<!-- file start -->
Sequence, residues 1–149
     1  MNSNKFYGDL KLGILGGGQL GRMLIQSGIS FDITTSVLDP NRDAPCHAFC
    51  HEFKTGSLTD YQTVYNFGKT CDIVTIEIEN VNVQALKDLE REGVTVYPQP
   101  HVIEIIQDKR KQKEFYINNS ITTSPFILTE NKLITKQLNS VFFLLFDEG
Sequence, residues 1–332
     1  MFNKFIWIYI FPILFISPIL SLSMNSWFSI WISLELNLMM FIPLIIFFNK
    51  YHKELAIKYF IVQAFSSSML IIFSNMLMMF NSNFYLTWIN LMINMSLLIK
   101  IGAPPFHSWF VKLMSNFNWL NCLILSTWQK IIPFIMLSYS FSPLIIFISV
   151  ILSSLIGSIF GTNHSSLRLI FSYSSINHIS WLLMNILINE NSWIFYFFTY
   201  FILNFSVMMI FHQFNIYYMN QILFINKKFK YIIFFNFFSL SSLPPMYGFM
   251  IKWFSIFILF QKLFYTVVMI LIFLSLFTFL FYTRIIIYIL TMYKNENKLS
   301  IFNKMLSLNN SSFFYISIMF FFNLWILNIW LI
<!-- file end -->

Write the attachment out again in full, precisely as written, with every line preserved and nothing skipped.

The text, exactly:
Sequence, residues 1–149
     1  MNSNKFYGDL KLGILGGGQL GRMLIQSGIS FDITTSVLDP NRDAPCHAFC
    51  HEFKTGSLTD YQTVYNFGKT CDIVTIEIEN VNVQALKDLE REGVTVYPQP
   101  HVIEIIQDKR KQKEFYINNS ITTSPFILTE NKLITKQLNS VFFLLFDEG
Sequence, residues 1–332
     1  MFNKFIWIYI FPILFISPIL SLSMNSWFSI WISLELNLMM FIPLIIFFNK
    51  YHKELAIKYF IVQAFSSSML IIFSNMLMMF NSNFYLTWIN LMINMSLLIK
   101  IGAPPFHSWF VKLMSNFNWL NCLILSTWQK IIPFIMLSYS FSPLIIFISV
   151  ILSSLIGSIF GTNHSSLRLI FSYSSINHIS WLLMNILINE NSWIFYFFTY
   201  FILNFSVMMI FHQFNIYYMN QILFINKKFK YIIFFNFFSL SSLPPMYGFM
   251  IKWFSIFILF QKLFYTVVMI LIFLSLFTFL FYTRIIIYIL TMYKNENKLS
   301  IFNKMLSLNN SSFFYISIMF FFNLWILNIW LI